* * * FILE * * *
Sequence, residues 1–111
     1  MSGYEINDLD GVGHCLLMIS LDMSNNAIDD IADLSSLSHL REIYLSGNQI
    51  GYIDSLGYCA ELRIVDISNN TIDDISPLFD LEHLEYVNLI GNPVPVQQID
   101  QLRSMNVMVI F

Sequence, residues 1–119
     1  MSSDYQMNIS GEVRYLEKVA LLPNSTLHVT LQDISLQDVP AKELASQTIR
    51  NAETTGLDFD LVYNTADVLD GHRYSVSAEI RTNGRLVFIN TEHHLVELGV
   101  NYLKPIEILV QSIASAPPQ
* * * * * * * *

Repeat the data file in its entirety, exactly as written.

Sequence, residues 1–111
     1  MSGYEINDLD GVGHCLLMIS LDMSNNAIDD IADLSSLSHL REIYLSGNQI
    51  GYIDSLGYCA ELRIVDISNN TIDDISPLFD LEHLEYVNLI GNPVPVQQID
   101  QLRSMNVMVI F

Sequence, residues 1–119
     1  MSSDYQMNIS GEVRYLEKVA LLPNSTLHVT LQDISLQDVP AKELASQTIR
    51  NAETTGLDFD LVYNTADVLD GHRYSVSAEI RTNGRLVFIN TEHHLVELGV
   101  NYLKPIEILV QSIASAPPQ